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Brain potentials during language production in children and adults - an ERP study of the English past tense

  • The current study examines the neural correlates of 8-to-12-year-old children and adults producing inflected word forms, specifically regular vs. irregular past-tense forms in English, using a silent production paradigm. ERPs were time-locked to a visual cue for silent production of either a regular or irregular past-tense form or a 3rd person singular present tense form of a given verb (e.g., walked/sang vs. walks/sings). Subsequently, another visual stimulus cued participants for an overt vocalization of their response. ERP results for the adult group revealed a negativity 300-450 ms after the silent-production cue for regular compared to irregular past-tense forms. There was no difference in the present form condition. Children's brain potentials revealed developmental changes, with the older children demonstrating more adult-like ERP responses than the younger ones. We interpret the observed ERP responses as reflecting combinatorial processing involved in regular (but not irregular) past-tense formation.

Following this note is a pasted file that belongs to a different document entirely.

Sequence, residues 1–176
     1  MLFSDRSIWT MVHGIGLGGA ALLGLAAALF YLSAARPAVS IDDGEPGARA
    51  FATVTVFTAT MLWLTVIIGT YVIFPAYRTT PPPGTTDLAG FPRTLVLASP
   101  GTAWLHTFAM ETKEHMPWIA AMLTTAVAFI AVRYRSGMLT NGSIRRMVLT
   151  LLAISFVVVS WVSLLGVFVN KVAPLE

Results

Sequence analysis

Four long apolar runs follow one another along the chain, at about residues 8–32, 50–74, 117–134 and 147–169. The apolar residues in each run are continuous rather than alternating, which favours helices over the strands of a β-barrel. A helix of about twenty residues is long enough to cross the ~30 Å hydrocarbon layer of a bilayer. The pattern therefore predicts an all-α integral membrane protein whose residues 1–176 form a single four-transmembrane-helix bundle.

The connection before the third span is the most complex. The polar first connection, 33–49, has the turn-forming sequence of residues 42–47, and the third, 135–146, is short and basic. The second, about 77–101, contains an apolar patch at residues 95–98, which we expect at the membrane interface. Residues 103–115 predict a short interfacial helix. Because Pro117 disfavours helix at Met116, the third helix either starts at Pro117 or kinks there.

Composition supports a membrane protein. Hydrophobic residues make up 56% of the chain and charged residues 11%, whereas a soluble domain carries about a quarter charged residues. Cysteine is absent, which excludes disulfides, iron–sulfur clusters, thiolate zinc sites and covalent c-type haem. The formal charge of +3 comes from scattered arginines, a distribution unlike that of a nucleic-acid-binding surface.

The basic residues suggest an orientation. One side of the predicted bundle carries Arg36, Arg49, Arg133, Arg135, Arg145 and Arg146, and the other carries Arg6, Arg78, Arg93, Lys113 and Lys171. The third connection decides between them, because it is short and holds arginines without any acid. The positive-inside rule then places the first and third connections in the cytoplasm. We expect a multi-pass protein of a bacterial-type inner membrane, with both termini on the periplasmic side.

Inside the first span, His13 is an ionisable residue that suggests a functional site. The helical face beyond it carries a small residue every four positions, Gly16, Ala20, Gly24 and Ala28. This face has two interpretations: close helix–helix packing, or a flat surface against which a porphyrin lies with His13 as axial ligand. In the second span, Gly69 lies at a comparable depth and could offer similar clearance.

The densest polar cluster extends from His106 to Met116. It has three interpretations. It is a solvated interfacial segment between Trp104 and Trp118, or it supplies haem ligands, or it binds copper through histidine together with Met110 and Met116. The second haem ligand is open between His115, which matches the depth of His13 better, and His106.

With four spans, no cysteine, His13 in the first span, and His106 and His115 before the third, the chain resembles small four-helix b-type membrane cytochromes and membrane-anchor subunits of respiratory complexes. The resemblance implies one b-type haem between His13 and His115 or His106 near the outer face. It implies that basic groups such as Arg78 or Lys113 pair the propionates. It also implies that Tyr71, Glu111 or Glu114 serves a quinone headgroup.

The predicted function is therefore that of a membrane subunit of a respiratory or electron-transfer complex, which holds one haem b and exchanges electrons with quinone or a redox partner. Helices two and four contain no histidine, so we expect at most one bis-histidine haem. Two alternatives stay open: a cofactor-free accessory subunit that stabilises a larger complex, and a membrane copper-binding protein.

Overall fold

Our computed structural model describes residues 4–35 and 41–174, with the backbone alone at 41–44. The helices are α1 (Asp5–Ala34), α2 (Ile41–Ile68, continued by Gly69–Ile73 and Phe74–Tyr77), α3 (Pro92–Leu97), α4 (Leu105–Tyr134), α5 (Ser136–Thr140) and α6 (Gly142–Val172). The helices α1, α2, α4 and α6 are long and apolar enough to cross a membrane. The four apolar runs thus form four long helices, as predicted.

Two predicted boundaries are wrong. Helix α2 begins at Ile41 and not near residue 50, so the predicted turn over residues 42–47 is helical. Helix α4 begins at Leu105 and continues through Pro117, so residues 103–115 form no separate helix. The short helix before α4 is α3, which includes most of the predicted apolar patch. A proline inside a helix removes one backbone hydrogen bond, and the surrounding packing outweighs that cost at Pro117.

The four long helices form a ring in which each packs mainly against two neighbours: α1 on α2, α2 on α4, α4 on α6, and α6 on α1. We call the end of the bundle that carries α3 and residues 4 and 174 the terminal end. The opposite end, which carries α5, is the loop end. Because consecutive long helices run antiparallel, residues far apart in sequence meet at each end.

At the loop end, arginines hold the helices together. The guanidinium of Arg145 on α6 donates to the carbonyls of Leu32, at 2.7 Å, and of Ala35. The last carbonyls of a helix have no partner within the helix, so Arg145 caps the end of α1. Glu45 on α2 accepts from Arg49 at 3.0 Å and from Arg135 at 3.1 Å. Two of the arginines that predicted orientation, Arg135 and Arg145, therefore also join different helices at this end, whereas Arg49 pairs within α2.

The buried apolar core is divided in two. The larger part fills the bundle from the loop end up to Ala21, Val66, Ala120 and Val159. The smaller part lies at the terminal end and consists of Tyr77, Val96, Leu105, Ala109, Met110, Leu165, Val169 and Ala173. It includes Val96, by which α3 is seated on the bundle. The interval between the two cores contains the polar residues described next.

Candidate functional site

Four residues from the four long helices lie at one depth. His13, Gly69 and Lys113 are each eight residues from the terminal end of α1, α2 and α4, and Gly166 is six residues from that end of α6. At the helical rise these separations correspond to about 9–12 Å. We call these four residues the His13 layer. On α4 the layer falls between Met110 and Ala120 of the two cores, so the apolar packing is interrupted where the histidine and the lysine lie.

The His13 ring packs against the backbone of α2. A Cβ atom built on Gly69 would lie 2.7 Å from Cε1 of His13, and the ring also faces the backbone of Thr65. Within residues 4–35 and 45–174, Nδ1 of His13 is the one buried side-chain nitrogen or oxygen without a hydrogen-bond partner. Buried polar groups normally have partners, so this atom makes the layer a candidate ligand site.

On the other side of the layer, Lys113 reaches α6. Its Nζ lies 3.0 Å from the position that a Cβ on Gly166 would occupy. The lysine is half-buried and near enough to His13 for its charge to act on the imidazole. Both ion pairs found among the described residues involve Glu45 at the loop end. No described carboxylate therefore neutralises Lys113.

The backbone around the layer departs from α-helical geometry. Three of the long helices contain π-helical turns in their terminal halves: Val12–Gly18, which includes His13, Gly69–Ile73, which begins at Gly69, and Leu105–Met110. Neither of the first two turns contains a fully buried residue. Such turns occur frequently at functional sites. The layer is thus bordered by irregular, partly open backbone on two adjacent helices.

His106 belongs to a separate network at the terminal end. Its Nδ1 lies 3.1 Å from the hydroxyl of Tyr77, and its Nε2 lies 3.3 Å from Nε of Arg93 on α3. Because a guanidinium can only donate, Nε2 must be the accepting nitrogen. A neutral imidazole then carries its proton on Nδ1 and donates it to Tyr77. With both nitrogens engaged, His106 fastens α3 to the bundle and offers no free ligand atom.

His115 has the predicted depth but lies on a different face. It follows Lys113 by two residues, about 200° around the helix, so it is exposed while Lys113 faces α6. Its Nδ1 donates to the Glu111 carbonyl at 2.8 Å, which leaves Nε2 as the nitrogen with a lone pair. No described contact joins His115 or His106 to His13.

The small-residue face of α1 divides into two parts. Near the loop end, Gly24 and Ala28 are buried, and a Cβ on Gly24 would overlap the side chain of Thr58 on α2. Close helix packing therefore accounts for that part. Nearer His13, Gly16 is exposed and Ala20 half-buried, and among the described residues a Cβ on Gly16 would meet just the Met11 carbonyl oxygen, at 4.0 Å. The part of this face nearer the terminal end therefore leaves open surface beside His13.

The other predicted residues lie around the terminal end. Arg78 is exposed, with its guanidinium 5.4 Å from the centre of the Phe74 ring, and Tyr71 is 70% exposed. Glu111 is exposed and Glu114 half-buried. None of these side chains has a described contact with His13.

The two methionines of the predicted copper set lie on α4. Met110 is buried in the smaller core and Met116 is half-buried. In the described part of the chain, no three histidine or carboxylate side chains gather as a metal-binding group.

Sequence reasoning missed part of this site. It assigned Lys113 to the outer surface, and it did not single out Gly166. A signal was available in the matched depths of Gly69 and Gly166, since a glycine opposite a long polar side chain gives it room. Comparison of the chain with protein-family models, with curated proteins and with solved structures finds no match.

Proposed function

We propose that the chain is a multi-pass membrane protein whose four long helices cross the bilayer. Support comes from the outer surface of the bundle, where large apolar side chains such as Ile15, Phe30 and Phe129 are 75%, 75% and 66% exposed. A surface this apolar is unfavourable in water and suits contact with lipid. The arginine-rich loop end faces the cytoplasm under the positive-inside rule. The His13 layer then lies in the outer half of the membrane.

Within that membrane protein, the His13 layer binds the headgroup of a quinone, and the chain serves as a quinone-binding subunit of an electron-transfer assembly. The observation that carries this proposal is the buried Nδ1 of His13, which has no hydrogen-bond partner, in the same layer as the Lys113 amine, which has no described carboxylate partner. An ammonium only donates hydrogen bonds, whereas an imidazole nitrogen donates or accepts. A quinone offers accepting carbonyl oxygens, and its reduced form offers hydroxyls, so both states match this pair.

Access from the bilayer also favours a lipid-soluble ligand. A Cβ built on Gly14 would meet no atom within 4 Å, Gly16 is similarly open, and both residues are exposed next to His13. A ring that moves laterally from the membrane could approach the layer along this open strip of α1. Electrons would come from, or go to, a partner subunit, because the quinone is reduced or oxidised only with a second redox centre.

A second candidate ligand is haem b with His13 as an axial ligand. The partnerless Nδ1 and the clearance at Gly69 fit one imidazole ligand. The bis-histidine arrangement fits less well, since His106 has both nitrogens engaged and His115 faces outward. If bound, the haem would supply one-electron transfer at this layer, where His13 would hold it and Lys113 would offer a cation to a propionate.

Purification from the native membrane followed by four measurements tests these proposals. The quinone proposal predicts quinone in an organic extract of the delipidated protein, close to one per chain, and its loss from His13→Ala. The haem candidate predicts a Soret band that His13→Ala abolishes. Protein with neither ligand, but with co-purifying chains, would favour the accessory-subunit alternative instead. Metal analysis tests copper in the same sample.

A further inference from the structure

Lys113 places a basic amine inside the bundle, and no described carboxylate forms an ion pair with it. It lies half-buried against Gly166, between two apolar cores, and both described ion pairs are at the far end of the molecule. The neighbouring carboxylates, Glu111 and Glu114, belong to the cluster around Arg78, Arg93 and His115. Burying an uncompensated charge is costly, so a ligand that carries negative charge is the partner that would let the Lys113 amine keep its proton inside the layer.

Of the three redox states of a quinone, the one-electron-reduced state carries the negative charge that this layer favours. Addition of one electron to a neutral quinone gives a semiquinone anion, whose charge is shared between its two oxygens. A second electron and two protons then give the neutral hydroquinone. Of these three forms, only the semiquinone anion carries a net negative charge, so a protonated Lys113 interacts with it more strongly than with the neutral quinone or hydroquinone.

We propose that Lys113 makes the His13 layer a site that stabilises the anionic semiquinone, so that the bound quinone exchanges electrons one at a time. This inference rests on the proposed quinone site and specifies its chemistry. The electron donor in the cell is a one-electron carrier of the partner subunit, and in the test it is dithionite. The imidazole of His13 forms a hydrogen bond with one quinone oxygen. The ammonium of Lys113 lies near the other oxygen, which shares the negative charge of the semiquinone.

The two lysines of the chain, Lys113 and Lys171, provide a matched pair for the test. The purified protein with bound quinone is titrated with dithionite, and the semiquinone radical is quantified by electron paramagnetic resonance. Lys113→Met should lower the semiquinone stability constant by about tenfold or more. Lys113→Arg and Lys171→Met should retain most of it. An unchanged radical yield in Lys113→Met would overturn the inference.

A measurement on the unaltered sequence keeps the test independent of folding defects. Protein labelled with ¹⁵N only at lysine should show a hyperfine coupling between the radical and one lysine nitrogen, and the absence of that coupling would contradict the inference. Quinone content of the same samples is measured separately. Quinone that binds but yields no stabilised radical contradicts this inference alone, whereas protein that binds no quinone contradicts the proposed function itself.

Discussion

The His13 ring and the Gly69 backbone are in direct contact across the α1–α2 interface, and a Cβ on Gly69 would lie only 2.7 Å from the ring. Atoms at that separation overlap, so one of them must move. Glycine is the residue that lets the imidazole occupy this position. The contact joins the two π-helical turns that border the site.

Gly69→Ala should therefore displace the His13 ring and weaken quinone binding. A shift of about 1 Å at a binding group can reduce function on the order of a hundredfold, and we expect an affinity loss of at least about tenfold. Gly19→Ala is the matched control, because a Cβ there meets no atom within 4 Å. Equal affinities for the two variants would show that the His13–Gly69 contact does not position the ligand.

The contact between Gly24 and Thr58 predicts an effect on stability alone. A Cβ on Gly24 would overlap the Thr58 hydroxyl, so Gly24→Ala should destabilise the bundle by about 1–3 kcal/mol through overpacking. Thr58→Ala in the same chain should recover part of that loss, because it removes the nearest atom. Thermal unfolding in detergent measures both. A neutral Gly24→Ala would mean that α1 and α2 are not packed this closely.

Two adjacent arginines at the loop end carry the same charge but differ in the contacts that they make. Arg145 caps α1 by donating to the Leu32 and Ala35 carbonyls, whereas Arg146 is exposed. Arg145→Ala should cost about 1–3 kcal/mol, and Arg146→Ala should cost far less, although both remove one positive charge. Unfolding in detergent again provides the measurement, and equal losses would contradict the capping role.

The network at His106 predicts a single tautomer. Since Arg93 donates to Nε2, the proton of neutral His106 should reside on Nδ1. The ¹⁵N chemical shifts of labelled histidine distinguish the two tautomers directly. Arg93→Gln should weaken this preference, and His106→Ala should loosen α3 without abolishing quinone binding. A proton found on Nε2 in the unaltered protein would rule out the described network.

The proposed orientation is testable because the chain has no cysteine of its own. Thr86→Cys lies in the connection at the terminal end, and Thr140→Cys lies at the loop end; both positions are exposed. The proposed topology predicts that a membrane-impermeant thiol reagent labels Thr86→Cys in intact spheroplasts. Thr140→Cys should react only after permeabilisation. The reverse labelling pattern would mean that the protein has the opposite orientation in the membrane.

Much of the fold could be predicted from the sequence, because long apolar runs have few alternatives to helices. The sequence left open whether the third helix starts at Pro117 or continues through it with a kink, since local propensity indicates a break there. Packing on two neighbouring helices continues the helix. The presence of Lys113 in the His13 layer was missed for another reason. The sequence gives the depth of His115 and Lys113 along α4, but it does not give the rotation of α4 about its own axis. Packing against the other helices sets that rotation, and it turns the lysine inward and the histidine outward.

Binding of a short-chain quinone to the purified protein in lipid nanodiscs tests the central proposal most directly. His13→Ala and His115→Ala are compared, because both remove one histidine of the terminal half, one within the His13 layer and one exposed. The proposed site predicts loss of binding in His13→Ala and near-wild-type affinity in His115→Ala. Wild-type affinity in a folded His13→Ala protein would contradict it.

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Metadaten
Author:Mary-Jane Budd, Silke Paulmann, Christopher Barry, Harald ClahsenORCiDGND
DOI:https://doi.org/10.1016/j.bandl.2012.12.010
ISSN:0093-934X (print)
ISSN:1090-2155 (online)
Parent Title (English):Brain & language : a journal of the neurobiology of language
Publisher:Elsevier
Place of publication:San Diego
Document Type:Article
Language:English
Year of first Publication:2013
Year of Completion:2013
Release Date:2017/03/26
Tag:Children; ERP; Morphology; Past tense; Production
Volume:127
Issue:3
Pagenumber:11
First Page:345
Last Page:355
Funder:Leverhulme Trust [F/00213/U]
Organizational units:Humanwissenschaftliche Fakultät / Institut für Linguistik / Allgemeine Sprachwissenschaft
Peer Review:Referiert